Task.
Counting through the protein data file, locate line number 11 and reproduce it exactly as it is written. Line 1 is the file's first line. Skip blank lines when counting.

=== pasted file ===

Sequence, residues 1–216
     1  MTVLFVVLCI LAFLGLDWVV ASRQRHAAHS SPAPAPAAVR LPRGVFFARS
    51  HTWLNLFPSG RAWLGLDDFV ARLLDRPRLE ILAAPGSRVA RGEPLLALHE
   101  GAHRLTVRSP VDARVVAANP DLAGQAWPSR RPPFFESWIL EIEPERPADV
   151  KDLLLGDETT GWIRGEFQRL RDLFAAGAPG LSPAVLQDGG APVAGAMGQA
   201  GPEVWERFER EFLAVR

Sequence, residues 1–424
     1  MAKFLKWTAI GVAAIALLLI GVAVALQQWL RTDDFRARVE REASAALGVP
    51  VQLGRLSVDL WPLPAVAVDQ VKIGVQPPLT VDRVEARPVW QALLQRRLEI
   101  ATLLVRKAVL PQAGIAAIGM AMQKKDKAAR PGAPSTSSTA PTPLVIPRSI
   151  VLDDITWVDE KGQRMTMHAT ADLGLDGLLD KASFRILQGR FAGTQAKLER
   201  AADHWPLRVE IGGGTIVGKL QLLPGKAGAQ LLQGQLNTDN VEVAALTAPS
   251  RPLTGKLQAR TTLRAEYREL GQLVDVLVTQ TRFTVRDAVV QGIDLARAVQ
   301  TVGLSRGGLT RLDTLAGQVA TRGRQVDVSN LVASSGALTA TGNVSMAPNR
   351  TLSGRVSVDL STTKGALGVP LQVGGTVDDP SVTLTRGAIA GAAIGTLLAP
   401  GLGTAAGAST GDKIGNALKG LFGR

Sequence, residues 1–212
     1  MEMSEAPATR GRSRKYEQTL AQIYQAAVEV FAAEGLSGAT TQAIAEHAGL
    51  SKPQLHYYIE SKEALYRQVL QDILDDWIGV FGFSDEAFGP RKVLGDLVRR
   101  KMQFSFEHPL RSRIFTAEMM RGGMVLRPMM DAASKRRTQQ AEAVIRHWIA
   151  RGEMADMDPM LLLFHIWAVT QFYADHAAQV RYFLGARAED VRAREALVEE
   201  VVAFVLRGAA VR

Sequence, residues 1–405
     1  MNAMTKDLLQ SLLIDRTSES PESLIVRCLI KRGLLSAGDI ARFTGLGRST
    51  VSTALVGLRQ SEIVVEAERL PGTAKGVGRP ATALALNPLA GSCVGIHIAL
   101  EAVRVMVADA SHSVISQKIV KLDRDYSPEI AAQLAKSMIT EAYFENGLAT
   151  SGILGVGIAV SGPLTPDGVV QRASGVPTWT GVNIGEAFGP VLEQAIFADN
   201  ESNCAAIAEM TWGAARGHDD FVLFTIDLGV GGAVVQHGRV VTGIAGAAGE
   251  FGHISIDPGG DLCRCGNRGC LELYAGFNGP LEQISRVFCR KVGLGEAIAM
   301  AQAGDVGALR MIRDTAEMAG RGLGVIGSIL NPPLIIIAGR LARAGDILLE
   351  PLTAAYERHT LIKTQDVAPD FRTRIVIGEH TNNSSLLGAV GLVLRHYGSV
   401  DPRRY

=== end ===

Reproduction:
   151  VLDDITWVDE KGQRMTMHAT ADLGLDGLLD KASFRILQGR FAGTQAKLER